See the main story, John McCaslin’s profile of retiring park superintendent Jim Northup, here.
Asked what he considers to be the greatest threats to the future of Shenandoah National Park, retiring Superintendent Jim Northup points to his faded copy of the National Park Service Organic Act, establishing the National Park Service and the National Park Service System in 1916.
Often quoted by the superintendent during his 36 years with the National Park Service, it reads in part: “To conserve the scenery and the natural and historic objects and the wildlife therein and to provide for the enjoyment of the same in such manner and by such means as will leave them unimpaired for the enjoyment of future generations.”
The key word for Northup being “unimpaired.”
“I would certainly classify potential development around the boundary of the park as a significant threat,” he warns. “We have probably 1.3 to 1.4 million visitors a year that come to Shenandoah and the vast majority of those people come to enjoy the magnificent views that you can get from the Skyline Drive and from the mountain peaks.”
As Northup puts it: “Nobody minds looking at a pastoral scene, that’s part of what they enjoy — looking out on the Piedmont and out to the Shenandoah Valley, seeing agricultural activity.
“But they don’t want to see housing developments and they don’t want to see factories. So we certainly don’t want to kill the golden goose.”
For the park’s surrounding communities that promote further infrastructure as the most realistic (if not inevitable) means to support a sound economy, Northup reminds that Shenandoah Park continues to provide a rare and natural alternative to irresponsible — and irreversible — growth.
In a word: tourism. And don’t look now, but it’s a growing industry.
“This park is a huge economic engine for the surrounding communities,” the superintendent says. “We do a study each year of visitor spending associated with visitation and last year’s study indicated that those 1.3 million visitors spent about $87 million dollars in the park and in the surrounding communities — in Sperryville, in Little Washington, in Elkton, in Luray.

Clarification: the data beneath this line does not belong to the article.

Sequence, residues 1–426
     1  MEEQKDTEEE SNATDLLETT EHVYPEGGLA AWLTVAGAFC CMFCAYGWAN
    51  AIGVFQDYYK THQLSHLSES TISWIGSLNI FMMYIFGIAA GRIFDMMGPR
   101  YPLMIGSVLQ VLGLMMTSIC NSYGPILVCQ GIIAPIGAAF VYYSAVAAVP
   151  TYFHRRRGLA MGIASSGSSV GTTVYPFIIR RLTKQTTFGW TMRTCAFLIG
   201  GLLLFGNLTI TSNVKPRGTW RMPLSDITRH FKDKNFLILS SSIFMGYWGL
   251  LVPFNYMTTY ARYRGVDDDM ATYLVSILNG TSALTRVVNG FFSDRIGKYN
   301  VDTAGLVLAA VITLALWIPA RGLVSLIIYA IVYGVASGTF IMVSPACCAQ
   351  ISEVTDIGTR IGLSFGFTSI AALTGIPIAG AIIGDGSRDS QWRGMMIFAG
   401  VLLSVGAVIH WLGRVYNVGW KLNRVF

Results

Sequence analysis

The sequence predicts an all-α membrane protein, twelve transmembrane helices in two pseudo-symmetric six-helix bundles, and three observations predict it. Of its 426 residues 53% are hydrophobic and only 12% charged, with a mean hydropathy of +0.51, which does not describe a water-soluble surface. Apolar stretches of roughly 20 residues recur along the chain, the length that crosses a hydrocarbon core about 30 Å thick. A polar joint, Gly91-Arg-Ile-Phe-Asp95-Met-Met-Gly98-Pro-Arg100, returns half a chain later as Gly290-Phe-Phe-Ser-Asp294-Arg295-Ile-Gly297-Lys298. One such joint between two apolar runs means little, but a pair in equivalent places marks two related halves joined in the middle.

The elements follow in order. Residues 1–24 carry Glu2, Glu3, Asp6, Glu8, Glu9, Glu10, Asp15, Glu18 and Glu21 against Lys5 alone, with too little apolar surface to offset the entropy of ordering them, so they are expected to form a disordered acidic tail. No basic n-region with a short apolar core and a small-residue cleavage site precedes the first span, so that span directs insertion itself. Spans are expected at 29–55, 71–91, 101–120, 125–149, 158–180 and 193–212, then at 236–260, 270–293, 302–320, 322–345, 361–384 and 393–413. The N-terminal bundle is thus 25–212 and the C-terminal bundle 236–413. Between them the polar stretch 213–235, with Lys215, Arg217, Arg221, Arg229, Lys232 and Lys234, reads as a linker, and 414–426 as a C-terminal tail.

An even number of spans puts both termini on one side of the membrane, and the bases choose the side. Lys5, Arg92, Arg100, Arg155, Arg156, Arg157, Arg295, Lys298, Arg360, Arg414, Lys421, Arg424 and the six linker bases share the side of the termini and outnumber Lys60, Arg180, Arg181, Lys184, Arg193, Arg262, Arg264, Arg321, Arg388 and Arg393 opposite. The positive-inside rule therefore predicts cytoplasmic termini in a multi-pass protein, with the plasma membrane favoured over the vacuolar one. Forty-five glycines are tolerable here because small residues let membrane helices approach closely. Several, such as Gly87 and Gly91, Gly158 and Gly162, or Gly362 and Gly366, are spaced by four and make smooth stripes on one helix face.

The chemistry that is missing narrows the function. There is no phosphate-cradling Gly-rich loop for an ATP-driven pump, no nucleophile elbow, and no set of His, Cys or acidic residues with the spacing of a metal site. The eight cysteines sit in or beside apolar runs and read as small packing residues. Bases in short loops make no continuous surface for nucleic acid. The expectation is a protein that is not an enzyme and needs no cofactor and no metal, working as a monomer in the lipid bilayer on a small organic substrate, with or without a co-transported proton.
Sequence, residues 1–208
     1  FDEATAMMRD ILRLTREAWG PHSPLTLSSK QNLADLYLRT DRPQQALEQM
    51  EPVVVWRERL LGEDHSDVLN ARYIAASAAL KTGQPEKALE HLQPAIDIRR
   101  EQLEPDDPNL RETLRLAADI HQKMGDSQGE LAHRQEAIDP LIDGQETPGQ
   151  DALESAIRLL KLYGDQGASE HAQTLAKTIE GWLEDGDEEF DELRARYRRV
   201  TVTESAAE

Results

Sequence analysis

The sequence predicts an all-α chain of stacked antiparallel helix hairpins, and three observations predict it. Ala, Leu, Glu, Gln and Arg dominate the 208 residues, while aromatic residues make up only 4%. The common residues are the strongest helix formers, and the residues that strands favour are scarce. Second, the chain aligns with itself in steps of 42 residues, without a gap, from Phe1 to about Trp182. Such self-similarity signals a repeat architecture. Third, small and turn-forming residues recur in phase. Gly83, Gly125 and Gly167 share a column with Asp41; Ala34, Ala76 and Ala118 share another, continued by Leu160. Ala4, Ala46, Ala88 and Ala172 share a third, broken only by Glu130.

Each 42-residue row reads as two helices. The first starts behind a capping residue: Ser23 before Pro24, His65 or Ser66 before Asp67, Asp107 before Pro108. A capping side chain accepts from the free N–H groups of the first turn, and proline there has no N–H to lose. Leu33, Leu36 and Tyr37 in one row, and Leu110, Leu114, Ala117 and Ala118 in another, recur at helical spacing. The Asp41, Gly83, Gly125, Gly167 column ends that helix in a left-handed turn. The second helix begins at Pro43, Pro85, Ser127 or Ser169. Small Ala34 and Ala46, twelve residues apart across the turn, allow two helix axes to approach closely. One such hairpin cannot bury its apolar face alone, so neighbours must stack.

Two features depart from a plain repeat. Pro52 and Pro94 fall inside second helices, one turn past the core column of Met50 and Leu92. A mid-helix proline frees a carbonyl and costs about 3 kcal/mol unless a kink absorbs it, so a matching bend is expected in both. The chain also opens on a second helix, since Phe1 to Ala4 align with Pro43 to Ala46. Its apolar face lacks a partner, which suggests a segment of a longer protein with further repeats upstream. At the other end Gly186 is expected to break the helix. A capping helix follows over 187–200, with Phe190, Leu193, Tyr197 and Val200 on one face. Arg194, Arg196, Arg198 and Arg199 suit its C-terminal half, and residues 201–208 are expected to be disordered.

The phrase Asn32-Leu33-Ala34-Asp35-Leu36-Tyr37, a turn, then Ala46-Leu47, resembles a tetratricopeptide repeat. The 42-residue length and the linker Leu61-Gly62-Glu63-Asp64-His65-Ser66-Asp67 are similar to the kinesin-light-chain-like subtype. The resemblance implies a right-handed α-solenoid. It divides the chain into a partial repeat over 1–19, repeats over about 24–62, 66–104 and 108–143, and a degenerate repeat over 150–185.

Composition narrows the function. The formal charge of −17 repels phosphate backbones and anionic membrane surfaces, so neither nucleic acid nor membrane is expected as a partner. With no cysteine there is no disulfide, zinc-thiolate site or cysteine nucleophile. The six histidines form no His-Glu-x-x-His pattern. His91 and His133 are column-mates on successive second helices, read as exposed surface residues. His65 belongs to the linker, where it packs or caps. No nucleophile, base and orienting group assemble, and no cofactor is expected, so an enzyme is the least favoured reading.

“In fact, these people are coming here to enjoy these magnificent views. And there are two things that will damage those views: one is poor air quality, which has been a big issue for Shenandoah for many years. And I’m pleased to report that the air quality is actually improving.
“But the other is that potential urban sprawl.”
Northup adds that his office has been “absolutely amazed” in the last few years at the number of visitors flocking to Shenandoah Park “just to enjoy night skies — dark skies.”
“As we have these big celestial events we have hundreds and hundreds and hundreds of people who are coming here because this is a dark place,” he says. “And we don’t want to ruin that.
“We’ve started a conversation with all the surrounding communities around the park about the importance of preserving the night skies. Rappahannock County is kind of leading the way in that discussion, with some mixed success right now, but I’m just pleased we’ve started the discussion.”
“Nobody has to give up their lighting,” Northup stressed, simply “downcast” light fixtures.
“We have an automobile dealer here in Luray . . . with these bright lights that light up all these cars at night and they’re just completely ruining the night sky here in Luray,” he says.
The superintendent reveals that Shenandoah is “unique” in that it is presently a candidate to become an International Dark Sky Park—“we meet the criteria to be designated as a Dark Sky Park. We can work together to preserve the night skies.”
— John McCaslin